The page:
Prejudice, however, remained very real. The old complaints about African Americans had affixed themselves to immigrants. Dearborn, which has a thriving Muslim immigrant community, is a short drive away. Just as Macomb's whites had once accused African Americans of prospering at their expense, members of Greenberg's focus groups spoke openly about being displaced by immigrants. "We need to take care of home first," one participant said, as if the immigrant neighbors weren't also living at home. When asked to explain their greatest hopes for Trump, many cited his promise to build a border wall.

There was a strong element of self-loathing in the hostile view of immigrants. A 60-year-old woman described her work as a cashier at Kroger. What she hated, she said, was waiting on immigrants who didn't bother to smile. "They act like they can't do that, even." Another woman described going to sign up for Medicaid: "I'm looking around at all these people that can't even say hello to me in English." Greenberg's subjects had expected to occupy a higher rung in society. That they exist on par with newcomers to the country feels like a betrayal of what they thought to be the natural order.

The way that the county's residents have (over generations, granted) managed to shift their racism from one target to another suggests that the racism is the symptom, not the cause. As Foer notes in only parenthetical passing, the county was in economic decline thanks to neoliberal policies, including Clinton's NAFTA (not "foreign competition") and the tax cuts he promised, coupled with his dismantling of the social services that would have cushioned the fall. And that makes people looking for answers susceptible when offered scapegoats by demagogues like Trump (and Fox news, talk radio, etc.). Maybe a 60 year old woman can get bitter because she's working a cash register in a county where people used to have good paying manufacturing jobs, not because she had some inherent views about a "natural order".

The other thing the article does is make me like the prospect of Warren running even less. One little tidbit i wasn't aware of:

Interviewing Sanders requires some fortification--and my exchange ended when he peremptorily dismissed me from his office for asking a question about his political relationship with Elizabeth Warren. (Sanders had expected Warren to endorse him in the 2016 primary, and her failure to do so sent him into a funk.)

Warren's failure to endorse Bernie has grated on me. I don't know how Foer knows that Sanders "expected" Warren to endorse him (i haven't heard that elsewhere), but if she did let him down in more than just a general way that's going to be hard for me to get over.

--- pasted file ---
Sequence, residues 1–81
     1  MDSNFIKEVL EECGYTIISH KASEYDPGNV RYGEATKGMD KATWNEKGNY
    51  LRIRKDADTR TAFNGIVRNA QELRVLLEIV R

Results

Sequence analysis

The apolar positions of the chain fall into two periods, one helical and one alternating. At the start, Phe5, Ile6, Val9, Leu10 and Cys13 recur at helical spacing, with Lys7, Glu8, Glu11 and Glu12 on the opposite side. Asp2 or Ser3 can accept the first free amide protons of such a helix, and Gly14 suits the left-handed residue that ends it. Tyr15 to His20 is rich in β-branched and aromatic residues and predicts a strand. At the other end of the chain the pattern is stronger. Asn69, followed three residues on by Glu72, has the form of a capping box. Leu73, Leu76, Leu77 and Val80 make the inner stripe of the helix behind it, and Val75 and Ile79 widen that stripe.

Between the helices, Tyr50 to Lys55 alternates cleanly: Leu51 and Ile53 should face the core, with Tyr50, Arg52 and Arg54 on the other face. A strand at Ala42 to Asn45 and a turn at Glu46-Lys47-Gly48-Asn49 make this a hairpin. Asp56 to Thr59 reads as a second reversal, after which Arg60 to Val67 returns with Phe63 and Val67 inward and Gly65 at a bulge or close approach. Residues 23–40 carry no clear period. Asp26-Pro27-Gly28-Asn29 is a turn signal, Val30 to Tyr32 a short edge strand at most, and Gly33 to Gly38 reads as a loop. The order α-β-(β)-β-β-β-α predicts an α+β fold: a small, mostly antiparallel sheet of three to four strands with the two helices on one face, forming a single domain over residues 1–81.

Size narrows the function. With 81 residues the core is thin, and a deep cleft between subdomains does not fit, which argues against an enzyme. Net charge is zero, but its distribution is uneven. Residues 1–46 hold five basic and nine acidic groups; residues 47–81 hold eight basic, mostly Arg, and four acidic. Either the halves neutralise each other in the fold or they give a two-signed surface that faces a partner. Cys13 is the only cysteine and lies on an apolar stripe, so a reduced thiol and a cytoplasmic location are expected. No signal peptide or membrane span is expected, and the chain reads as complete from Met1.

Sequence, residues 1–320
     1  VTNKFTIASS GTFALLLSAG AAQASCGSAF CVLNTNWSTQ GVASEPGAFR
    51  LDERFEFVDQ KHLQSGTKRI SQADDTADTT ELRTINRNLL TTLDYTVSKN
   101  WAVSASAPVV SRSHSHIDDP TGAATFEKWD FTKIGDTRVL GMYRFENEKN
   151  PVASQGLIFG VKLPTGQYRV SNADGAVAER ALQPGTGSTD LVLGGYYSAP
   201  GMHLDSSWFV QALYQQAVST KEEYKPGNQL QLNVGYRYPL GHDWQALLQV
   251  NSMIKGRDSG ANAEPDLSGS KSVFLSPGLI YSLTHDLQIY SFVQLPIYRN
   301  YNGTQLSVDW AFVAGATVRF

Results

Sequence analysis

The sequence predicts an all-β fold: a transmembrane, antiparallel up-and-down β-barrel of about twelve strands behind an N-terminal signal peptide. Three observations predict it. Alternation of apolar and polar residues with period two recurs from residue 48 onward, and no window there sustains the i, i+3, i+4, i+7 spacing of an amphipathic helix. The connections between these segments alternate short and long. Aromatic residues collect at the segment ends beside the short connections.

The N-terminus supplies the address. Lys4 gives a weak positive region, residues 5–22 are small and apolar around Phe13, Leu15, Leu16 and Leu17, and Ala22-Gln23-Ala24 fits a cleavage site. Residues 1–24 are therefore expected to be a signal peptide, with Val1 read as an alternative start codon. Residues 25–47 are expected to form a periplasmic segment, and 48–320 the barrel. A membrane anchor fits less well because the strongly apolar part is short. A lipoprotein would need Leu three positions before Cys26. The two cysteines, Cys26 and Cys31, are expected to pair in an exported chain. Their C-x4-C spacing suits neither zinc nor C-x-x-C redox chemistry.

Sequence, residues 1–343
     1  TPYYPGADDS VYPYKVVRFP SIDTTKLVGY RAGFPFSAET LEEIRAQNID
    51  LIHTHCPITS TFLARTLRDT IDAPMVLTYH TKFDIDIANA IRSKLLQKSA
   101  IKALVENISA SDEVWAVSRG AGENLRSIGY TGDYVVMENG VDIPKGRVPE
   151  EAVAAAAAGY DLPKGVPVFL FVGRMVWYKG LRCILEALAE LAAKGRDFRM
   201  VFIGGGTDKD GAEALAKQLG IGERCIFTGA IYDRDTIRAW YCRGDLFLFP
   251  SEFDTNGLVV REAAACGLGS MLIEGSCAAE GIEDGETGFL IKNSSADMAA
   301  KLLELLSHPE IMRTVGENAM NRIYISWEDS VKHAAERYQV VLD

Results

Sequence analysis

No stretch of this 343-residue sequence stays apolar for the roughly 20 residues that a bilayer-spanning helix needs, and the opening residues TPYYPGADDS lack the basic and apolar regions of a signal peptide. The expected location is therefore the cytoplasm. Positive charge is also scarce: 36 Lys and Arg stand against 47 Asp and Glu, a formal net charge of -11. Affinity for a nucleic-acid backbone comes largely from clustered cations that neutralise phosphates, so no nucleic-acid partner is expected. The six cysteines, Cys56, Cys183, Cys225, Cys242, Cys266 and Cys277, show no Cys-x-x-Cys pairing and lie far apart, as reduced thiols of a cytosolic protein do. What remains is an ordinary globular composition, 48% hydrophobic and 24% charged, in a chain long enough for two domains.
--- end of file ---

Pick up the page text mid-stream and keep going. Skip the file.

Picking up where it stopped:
And then there's this:

Nor is Warren's driving obsession wealth redistribution. That's important politically, because many Americans simply don't begrudge wealth, and "inequality" as a clarion call hasn't stuck. (Indeed, Democrats have begun to shift away from inequality as a label for what ails America's economy and culture. Some fear that white voters who are predisposed to racial resentments hear the word as code for a desire to transfer wealth from whites to blacks.)

Rather, Warren is most focused on the concept of fairness. A course she taught early in her career as a law professor, on contracts, got her thinking about the subject. (Fairness, after all, is a contract's fundamental purpose.) A raw, moralistic conception of fairness--that people shouldn't get screwed--would become the basis for her crusading. Although she shares Bernie Sanders's contempt for Wall Street, she doesn't share his democratic socialism. "I love markets--I believe in markets!" she told me.

Blech to multiple items in the above quote. Blech to Dems shying away from talking about inequality. Double blech for doing so as a way to pander to whites (similar to Bill Clinton on welfare). Blech to the bland concept of "fairness". Double blech to "I believe in markets!". Blech blech blech.

min: I wasn't going to vote for Warren anyway. She's been a disappointment, in general. I hold out hope that Bernie is training disciples to take his place because i agree with Sarah Jones' article (linked 2 posts down) that a movement cannot rely entirely on single person to keep it going. We're dead if Bernie is the only thing making this work.

By fnord12 | June 20, 2017, 9:53 AM | Liberal Outrage